The nails on a 15 gage gun have a semi circular shaped head on them, whereas brad nailers only have a little flair at the head. The 15 gage have more holding power but, of course, they leave a much larger divot, too. A 15 gage gun is a lot more massive than a 16 gage brad nailer, and the nails cost substantially more and I don't think you can even buy small quantities of them.

    John

  4. #4
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    I POSITIVLY LOVE my Bostich 15ga angled nailer.

    The nails are allot more expensive than the straight 16ga nails though.
    I use it as my go to gun for case assembly and trim carpentry.

    If your building case work with dado joints and you just need to pin it till it dries, get a 16ga or 18


    The 15ga nailer is handy but never "truly" needed for cabinet construction.
    If your doing detailed trim work, get a pin nailer that shoots up to 2".
    If your building utility grade units, a 16ga will bang it out just fine. Passloads are hard to beat in the 16ga market.
    Husband to 1, father to 8
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  5. #5
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    Here's another agreeing with Matt.........NONE. Maybe a 18ga brad gun or narrow crown stapler for production cabinets.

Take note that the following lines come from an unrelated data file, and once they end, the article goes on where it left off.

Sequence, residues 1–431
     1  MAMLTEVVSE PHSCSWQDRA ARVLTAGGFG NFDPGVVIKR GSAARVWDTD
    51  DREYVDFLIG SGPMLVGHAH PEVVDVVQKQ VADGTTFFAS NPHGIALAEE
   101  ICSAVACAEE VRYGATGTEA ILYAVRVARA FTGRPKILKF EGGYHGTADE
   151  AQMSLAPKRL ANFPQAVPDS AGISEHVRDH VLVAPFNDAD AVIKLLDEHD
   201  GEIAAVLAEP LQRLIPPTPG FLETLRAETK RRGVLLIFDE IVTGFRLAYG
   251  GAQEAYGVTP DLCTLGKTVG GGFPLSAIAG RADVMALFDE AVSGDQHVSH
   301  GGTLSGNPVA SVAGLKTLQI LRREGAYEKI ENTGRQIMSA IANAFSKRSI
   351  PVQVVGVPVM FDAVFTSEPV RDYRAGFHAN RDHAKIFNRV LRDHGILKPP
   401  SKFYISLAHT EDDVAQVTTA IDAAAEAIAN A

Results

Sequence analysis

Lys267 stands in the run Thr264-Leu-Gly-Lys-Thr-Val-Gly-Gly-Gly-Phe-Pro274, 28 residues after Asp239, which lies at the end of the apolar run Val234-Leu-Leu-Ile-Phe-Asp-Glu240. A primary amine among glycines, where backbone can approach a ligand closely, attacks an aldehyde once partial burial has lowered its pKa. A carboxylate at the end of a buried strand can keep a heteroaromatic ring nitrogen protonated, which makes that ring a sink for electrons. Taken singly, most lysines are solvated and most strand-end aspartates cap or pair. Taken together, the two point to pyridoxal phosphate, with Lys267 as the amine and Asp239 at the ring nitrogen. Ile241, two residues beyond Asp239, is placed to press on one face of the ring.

A lot of people bought the Grex P6xx series 23ga pinners and then made the mistake of buying another Grex product. Grex doesn't make any guns and only buys guns from the actual manufacturers and has some of the work done to their specs, like color. Grex finally had the same company, VIM International, that made the P6xx pinners make a 18ga gun, which is the 18GB. I assume it is OK also. Pretty much negative reviews on all the other Grex guns.

    18ga is big for cabinets, probably the only one you MIGHT have any use for. Straight 16ga is huge but is actually still a brad even though called a nail. 15ga angled IS a nail and is used for holding door and windows into framing. Can't imagine what you would use that for in a cabinet.

    If you must buy something, how about a Kreg Pocket Hole kit?

  6. #6
    Join Date
    May 2009
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    I wouldn't be without my 16 ga. nail gun for assembling cabinets and or fine furniture. As long as you can hide it what does it matter? It sure is cheaper and faster than some other methods of assembling cabinets and yields the same strong results.

    For assembling raised panel doors I'll use my 18 ga. nail gun with 5/8" brads. Clamp the door up and shoot two in each corner on the back side and release the clamps.